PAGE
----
British Prime Minister Theresa May greets European Council president Donald Tusk outside 10 Downing Street, in central London. Picture: REUTERS/HANNAH McKAY
British Prime Minister Theresa May greets European Council president Donald Tusk outside 10 Downing Street, in central London. Picture: REUTERS/HANNAH McKAY

EU summit host Donald Tusk said on Tuesday that he will ask British Prime Minister Theresa May for concrete and creative proposals to break the Brexit impasse, as she tried to rally her divided cabinet.

European Council president Tusk will meet with May and the 27 other EU leaders on Wednesday evening at the start of a summit that had been tipped as the deadline for a draft deal in time for March 29 when Britain is due to leave the EU.

“Tomorrow I am going to ask prime minister May whether she has concrete proposals on how to break the impasse,” Tusk told a press conference in Brussels on Tuesday. “We need something really creative to protect our values, to protect our single market,” Tusk added, while vowing to respect British sovereignty. “For this we need a new method of thinking.” 

However, Tusk conceded he had “no grounds for optimism” based on a report on Tuesday from EU chief negotiator Michel Barnier and a British debate in parliament on Monday.

The main disagreement between London and Brussels is how to keep the Irish border open after Brexit, but May is also fighting with her own MPs, who must ultimately approve the final divorce deal.

‘We need more time’

At a three-hour cabinet meeting on Tuesday morning, which included some ministers with reservations about her strategy, May said a deal was possible if they all stood together. “I’m convinced that if we, as a government, stand together and stand firm, we can achieve this,” she said, according to her spokesperson.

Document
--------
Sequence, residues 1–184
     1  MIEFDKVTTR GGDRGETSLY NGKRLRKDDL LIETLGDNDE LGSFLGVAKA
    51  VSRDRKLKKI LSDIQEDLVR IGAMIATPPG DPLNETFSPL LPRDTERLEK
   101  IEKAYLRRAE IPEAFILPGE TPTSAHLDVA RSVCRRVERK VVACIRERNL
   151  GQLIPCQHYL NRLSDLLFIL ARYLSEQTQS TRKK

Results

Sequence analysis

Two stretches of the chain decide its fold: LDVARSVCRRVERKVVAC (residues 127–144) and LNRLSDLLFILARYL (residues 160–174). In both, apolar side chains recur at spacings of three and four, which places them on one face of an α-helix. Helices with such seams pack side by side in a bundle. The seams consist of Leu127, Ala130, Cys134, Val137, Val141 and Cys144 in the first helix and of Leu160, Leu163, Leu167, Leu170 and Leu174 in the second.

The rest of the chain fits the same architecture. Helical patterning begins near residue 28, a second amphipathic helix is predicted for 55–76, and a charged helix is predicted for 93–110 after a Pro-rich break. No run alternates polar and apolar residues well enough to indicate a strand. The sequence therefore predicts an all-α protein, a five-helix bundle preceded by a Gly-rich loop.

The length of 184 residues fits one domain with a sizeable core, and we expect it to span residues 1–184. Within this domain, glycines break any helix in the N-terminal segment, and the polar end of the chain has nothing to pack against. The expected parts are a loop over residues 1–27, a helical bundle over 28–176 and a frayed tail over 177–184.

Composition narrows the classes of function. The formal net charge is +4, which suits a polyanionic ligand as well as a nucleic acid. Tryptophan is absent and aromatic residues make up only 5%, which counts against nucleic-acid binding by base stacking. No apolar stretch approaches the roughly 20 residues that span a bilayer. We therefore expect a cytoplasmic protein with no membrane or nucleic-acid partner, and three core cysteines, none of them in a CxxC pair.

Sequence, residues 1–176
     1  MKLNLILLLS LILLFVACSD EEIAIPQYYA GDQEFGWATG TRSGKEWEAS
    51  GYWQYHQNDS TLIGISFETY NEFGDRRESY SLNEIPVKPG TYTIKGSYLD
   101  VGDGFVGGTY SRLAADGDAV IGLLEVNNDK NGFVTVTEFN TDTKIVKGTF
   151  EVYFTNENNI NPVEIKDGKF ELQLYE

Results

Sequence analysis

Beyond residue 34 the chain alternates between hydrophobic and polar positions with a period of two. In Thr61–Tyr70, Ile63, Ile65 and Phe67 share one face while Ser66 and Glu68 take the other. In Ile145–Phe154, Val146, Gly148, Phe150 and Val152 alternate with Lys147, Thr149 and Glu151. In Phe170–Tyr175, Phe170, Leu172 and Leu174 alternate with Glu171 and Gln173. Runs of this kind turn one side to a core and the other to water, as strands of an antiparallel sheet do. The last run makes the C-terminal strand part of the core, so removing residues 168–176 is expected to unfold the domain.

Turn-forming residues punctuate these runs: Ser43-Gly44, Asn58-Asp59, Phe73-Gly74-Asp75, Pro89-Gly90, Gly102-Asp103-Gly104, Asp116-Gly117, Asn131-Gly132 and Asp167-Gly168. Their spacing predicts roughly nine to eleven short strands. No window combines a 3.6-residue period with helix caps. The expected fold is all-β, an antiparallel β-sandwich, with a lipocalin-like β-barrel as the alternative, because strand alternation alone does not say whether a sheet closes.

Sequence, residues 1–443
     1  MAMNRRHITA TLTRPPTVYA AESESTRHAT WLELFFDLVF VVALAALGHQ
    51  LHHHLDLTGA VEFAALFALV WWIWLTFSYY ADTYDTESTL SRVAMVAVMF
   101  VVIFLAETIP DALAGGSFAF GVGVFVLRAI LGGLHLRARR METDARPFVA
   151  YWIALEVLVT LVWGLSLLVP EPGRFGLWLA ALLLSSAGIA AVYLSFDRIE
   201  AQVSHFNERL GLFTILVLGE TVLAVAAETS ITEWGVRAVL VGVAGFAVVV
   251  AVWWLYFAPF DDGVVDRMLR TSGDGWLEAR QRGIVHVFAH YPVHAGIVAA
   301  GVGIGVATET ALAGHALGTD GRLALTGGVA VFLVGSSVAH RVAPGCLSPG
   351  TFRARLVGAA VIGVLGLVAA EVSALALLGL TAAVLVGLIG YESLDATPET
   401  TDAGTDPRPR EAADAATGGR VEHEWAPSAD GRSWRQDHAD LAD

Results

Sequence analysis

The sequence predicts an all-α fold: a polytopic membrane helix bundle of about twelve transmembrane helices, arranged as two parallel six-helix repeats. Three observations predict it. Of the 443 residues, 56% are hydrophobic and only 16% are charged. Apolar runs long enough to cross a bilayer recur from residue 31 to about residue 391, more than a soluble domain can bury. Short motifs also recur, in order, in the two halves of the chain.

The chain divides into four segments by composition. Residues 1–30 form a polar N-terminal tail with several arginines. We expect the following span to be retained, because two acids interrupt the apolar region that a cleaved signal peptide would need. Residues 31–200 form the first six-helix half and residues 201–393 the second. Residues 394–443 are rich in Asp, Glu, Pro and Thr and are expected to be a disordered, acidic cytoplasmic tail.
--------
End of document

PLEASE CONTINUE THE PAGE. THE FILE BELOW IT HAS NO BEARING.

Arriving to brief EU ministers in Luxembourg on the state of the Brexit talks, Barnier said “we’re not there yet ... We need more time to find a comprehensive agreement and achieve the decisive progress that is needed to finalise this negotiation on the UK’s orderly withdrawal,” he told reporters. “We are going to take this time calmly, seriously to reach this comprehensive agreement in the coming weeks.”

May will address the other 27 EU leaders at the summit on Wednesday evening before they have dinner without her to discuss their next steps. Another summit has been penciled in for mid-November, but officials say it will only go ahead if there is progress before then.

No-deal plans 

After the last round of talks on Sunday broke up without agreement, Tusk warned that the possibility of a “no-deal Brexit” is now “more likely than ever before”.

This was emphasised on Tuesday when French Europe minister Nathalie Loiseau said her country was making urgent preparations for this scenario, including a plan for checks at the Channel Tunnel.

Addressing MPs in the UK house of commons on Monday, May said a deal was “achievable”, while sticking to her principles on the Irish border issue. But a senior European official said the speech had only underscored for Barnier the uphill struggle he faces to get a deal.

May’s speech and answers to questions “demonstrate that finding an agreement will be even more difficult than one could expect”, the official said.

To solve the Irish question, Britain has proposed staying aligned to the EU’s customs rules until a wider trade deal can be signed that avoids the need for any frontier checks, but her own eurosceptic Conservative MPs are demanding this “backstop” arrangement be time-limited, something the EU will not accept.

May said the EU was also insisting on its own backstop in case the London proposal did not work, which would see Northern Ireland alone stay aligned to the customs union and single market. She said this would threaten the integrity of the UK — and it is strongly opposed by her Northern Irish allies, the Democratic Unionist Party (DUP).

Leo Varadkar, prime minister of Ireland, which will remain part of the EU, said a no-deal scenario was “unlikely”, but added that his cabinet had discussed preparations such as hiring customs officials, but not along the Irish land border.